Hastings Church Musician and Virtual Choir Make New Call to ‘Pray and Work’ | New

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Earlier this year, a man’s labor of love from Hastings expressed the aspirations of his faith community for a fruitful season of renewal.

Robin Koozer, former music coordinator and current director of the chancellor’s choir at First Presbyterian Church, reworked his favorite hymn, “Come, Labor On” – the melody is “Ora Labora”, which in Latin means “pray and work” – to reflect a theme adopted by Pastor, Reverend Greg Allen-Pickett; Associate Pastor, Reverend Damen Jensen-Heitmann; and parish associate Kili Wenburg for the Lenten season leading up to Easter.

The single theme supplanted the usual Lenten self-sacrificing message, calling to action a congregation that had been estranged from each other for many months by the novel coronavirus disease, COVID-19, pandemic.

The lyrics of the hymn, with rich agrarian imagery, were written by Jane Laurie Borthwick in 1859 as a poem, which was repeated in 1863. The musical arrangement of the hymn was added by Thomas Tertius Noble in 1918.

The hymn was adapted into a choral hymn by Jeremy Bankston, a close friend of Koozer, music director at Prince of Peace Lutheran Church in Dublin, Ohio, who gave Koozer permission to rework the song for a virtual performance.

Koozer embarked on the project in March and April, with the adaptation performed virtually with musical accompaniment provided by Presbyterian premier organist Linda Vollweiler and trumpeter Louie Eckhardt, music professor at Hastings College.

Over 40 singers from several states with ties to the church lent their voices to the performance via internet recordings, which were then mixed and mixed by Tom Michalek, Watson Elementary School music teacher and choir director at the First United Methodist Church.

The virtual performance was part of the Palm Sunday worship service at the First Presbyterian on March 28.

“Rather than giving up something for Lent, our staff developed the theme ‘Let’s do something to make the world a better place’,” Koozer said. “They put many facets of a program together with this theme, so I thought we needed a musical component.

“I felt moved by their work to write a new text for this hymn centered on mutual service and building a better world of love and community.”

The end result was the self-commissioned work shared on the FPC Facebook page in all its virtual glory at https://youtu.be/qa2BJHCPphg.

Allen-Pickett said the new words and their call for unity seemed a particularly apt topic in Lent in 2021, during a time of upheaval and conflict around the world fueled by political, social and pandemic flames.

“I was preaching a series of Lent sermons on the power of self-sacrifice and a Lent study guide on Christian unity, and Robin was inspired by the two themes and how they relate.” Allen-Pickett said. “Using his God-given creativity, he was able to write new lyrics to a beautiful old hymn and ended up creating a work of art that amazingly expressed both Christians’ call to self-sacrifice and our own. call for Christian unity.

“We felt the need to reflect on Christian unity because we felt that there were so many divisions present in our country and in our world. The song reminds us of our call for Christian unity, both in the Gospels and in our theology.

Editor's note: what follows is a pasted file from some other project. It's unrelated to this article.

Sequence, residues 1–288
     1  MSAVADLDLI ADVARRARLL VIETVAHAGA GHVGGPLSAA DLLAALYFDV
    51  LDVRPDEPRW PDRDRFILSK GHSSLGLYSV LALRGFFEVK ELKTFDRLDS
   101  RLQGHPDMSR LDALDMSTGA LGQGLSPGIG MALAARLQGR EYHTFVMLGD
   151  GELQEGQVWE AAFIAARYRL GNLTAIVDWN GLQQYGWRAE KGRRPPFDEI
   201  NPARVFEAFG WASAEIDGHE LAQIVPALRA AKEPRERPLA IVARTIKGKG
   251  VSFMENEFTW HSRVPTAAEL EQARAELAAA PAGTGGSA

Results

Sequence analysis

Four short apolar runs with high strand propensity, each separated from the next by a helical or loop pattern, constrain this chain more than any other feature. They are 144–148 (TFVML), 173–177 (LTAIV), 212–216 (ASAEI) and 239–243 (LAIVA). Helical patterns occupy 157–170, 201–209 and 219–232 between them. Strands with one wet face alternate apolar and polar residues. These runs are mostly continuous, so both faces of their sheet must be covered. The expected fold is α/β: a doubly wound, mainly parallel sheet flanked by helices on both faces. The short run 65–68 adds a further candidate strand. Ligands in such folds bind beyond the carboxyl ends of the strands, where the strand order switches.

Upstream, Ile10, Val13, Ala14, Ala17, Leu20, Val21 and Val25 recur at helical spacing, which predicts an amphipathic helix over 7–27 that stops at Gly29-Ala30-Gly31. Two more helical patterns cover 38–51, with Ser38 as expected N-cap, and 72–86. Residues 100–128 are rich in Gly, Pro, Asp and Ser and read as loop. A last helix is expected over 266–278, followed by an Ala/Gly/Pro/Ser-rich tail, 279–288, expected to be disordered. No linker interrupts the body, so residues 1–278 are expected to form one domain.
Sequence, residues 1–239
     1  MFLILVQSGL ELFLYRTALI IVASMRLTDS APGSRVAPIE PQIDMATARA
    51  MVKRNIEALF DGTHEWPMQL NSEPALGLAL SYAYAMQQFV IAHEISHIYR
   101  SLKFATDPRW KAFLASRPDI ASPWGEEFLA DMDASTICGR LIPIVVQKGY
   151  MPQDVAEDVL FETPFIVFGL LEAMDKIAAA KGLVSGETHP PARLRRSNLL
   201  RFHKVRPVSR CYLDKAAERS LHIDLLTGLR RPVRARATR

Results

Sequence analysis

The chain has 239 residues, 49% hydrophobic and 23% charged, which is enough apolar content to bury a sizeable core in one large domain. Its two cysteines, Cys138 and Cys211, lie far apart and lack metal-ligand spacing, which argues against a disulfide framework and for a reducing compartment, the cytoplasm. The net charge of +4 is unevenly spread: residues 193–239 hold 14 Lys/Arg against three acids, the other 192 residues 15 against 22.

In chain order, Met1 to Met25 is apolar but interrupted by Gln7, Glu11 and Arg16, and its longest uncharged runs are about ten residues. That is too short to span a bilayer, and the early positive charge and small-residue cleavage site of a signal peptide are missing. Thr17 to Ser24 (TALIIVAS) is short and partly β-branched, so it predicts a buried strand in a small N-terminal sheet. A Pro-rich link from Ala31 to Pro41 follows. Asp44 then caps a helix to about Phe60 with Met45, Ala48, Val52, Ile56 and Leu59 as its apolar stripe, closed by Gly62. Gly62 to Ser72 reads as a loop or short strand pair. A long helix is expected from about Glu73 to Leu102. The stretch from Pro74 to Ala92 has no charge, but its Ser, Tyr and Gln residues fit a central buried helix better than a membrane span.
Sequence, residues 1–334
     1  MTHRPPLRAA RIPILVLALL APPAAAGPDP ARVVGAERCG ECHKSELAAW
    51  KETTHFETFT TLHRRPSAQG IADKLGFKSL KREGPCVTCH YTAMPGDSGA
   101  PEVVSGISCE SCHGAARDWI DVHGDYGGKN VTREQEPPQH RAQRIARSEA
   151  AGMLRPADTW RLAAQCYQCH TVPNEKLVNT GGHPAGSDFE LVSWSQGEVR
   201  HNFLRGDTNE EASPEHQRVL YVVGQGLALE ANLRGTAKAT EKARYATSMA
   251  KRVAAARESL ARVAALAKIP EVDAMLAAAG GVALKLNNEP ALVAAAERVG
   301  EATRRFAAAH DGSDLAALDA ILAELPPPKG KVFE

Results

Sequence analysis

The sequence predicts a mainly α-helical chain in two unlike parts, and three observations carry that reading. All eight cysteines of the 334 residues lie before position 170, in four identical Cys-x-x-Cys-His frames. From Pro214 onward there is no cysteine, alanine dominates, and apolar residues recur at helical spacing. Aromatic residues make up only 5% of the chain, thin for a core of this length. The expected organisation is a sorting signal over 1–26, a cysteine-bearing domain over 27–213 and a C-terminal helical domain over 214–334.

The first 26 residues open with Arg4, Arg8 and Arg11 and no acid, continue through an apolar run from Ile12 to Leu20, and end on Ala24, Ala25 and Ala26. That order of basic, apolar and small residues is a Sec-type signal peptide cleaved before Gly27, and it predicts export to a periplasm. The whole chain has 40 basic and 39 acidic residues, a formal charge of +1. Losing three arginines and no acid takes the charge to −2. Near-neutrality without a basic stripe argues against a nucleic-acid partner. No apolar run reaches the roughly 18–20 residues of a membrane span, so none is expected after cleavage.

Koozer said he felt called to write the new lyrics in support of what he saw as a fitting addition to the old and familiar Lenten theme of self-denial.

“I was very motivated by what I had seen happen,” he said. “It just seemed like we needed a piece of music, so that provided us with that.

“I felt very positive about it. I certainly thought that it touched the souls of a lot of people and that there had been a positive response. In the end, I was very happy that I did and that I was able to help people during what I would call a special time during a special season. “

Koozer is Associate Vice President for Development at Hastings College, but perhaps best known as Professor Emeritus of Music and the longtime former Chairman of HC’s Music Department.

As pleased as he was with the finished product, he said he had no plans to resurrect his adaptation of “Come, Labor On” for future Lent services. It was a song for a season – a song he would like to think of served his purpose well.

“The publisher has given permission to do it just for once,” he said. “I don’t want to encroach on this. I’m just glad I got to do it and be a part of this process.

These are the words applied by Robin Koozer to the old hymn “Come, Labor On”, adapting the work for a performance by a virtual choir on Palm Sunday 2021:

Who dares to remain inactive in this world of pain?

When others are hurting, what do we have to gain?

Now is the time to listen to our Master’s call

Following Jesus in our daily life,

Transform the world by living the sacrifice.

Live like Jesus in our love and our work

With actions, not just words.

Engage the world in Christian unity,

Serve the Lord to build community,

Share the Word, our faith,

and the shining light of Christ in love to unite.

Trusting in Christ to lead us on our way,

Building a world very different from today’s,

Fill the world with God with love for all,

Knowing that God holds us in his loving hands

As we engage, serve, trust his commandments,

Caring and sharing endless love and joy







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